Pond Inlet has a spectacular setting. An Inuit community located along the northern edge of the enormous Baffin Island in the Canadian Arctic, the residents of Pond look out across Eclipse Sound at the mountains and glaciers of Bylot Island to the north. It is one of farthest north human settlements on earth.
A reporter for the British newspaper The Telegraph, Martin Fletcher, visited Pond Inlet recently to investigate the Inuit people—their culture, history, social problems, and possible solutions to their difficulties. After describing in detail how bleak, yet beautiful, the landscape appeared to be, he discusses the friendliness and welcoming spirit of the people. The children ran up to greet him—they were eager to get the stranger involved in their fun.
But he does not avoid reviewing the social problems of the town. Other than jobs in the public sector, there is virtually no employment. Few young people complete high school, and fewer still go south to attend Canadian universities. Housing is limited—extended families often crowd together in small dwellings. The abuse of drugs and alcohol help cause rampant domestic violence.
A nurse in the town, Sherry Parks, discusses the malnourishment that 15 percent of the community suffer from. “When people say they don’t have food in their house they literally don’t have any,” she says. The people of Pond, about 1,500, have little access to their traditional diet of fish and meat, so most of them live on junk foods. Diabetes and obesity are serious concerns.
The author encounters instances of a dysfunctional society everywhere he goes. He talks with a 17-year old boy who says he dropped out of school—it bored him—so he tells Mr. Fletcher that he sniffs propane. He encounters a Mountie with two handcuffed prisoners, convicted of committing assaults while high on drugs or drunk. Posters warn against the abuse of elders.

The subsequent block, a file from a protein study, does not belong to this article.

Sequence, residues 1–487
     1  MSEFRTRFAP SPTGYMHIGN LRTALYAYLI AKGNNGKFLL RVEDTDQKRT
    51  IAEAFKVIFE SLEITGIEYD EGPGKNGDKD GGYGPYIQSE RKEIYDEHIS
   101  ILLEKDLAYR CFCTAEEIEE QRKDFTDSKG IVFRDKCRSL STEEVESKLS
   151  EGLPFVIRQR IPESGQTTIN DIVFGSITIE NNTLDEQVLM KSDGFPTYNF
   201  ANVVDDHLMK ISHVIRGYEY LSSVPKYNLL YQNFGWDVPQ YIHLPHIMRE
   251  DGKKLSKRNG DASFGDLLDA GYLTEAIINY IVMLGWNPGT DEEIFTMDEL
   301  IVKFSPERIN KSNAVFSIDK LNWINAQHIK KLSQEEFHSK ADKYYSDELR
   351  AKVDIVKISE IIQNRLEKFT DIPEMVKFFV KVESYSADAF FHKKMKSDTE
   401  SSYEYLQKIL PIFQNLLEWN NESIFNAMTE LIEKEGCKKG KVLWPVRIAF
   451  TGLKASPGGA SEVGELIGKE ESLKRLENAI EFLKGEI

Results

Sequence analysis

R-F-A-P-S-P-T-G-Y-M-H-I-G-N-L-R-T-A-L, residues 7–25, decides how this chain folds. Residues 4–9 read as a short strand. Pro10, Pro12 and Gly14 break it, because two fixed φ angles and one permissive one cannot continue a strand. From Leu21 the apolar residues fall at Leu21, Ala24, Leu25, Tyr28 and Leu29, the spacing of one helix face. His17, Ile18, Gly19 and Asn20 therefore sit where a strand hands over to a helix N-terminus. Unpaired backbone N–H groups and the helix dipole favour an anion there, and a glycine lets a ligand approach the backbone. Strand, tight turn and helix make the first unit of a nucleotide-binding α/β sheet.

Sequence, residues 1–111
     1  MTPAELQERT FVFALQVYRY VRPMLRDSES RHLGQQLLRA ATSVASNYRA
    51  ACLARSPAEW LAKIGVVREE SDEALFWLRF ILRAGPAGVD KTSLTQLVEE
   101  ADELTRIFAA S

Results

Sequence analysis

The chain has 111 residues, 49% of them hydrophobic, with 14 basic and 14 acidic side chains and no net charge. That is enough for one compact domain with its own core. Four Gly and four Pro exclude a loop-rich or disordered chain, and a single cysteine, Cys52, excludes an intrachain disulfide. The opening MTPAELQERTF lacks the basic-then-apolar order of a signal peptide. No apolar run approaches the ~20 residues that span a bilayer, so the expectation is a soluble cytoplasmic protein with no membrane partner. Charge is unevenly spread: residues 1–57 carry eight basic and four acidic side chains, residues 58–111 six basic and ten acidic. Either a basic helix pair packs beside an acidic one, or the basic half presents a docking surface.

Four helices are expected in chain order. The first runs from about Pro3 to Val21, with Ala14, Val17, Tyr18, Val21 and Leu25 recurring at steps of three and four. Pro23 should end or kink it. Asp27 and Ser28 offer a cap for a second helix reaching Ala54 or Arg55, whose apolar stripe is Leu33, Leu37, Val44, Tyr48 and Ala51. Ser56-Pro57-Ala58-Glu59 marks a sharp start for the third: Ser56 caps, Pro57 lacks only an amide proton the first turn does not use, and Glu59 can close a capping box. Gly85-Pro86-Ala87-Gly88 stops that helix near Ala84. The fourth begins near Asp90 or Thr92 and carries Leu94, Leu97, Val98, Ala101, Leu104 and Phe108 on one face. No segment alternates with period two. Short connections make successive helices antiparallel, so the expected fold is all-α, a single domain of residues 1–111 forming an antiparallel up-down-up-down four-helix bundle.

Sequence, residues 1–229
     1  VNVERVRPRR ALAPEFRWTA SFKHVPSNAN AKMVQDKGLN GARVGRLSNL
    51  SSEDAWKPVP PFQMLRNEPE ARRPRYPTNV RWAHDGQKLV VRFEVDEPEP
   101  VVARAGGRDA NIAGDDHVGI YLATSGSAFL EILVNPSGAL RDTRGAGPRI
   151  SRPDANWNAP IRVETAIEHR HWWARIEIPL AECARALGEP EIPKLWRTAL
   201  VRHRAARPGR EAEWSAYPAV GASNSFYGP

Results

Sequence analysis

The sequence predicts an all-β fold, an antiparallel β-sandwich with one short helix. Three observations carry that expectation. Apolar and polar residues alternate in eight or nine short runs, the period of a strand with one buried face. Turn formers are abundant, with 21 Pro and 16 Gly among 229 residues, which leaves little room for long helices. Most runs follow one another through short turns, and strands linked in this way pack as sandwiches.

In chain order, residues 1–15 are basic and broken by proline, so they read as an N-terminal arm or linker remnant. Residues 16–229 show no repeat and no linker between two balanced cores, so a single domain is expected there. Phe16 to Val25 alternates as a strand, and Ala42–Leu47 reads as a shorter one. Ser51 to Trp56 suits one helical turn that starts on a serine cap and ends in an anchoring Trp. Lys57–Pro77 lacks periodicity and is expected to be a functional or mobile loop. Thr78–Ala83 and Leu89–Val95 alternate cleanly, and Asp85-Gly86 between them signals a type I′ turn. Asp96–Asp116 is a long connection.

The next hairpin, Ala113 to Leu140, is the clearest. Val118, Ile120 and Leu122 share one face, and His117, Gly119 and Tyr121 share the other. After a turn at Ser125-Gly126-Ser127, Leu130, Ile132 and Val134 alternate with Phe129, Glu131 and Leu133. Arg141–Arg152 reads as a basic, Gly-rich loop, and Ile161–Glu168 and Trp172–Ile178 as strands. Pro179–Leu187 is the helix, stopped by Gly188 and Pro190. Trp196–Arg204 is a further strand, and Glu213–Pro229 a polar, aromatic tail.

Suicides are “part of life up here,” according to Colin Saunders, the economic development officer for Pond Inlet. His sister killed herself. Fletcher speaks with others about the problem. Three teens committed suicide in just the first five months of 2014. Sheeba Simonee told the author that two of her brothers and three different nephews had killed themselves. Mr. Saunders says that he could point to 20 different graves in the town cemetery of people who had committed suicide.
The reporter considers the causes of these social issues. Some are obvious: the isolation of the town, the pressures of living in a small place with few opportunities and little hope of escape, the three months of polar darkness in the winter. But he passes over these minor concerns and focuses on what he argues is the major issue—the destruction of the Inuit way of life. Nothing has really replaced it.
Ms. Parks explained that in the past, when the people lived out on the land, everyone knew what was expected of them—they understood their importance to their families. “Now they’re conflicted about where they fit into this world,” she says. Mr. Saunders agrees. “We have one foot wearing a work boot and the other still wearing a sealskin kamik [a shoe],” he says.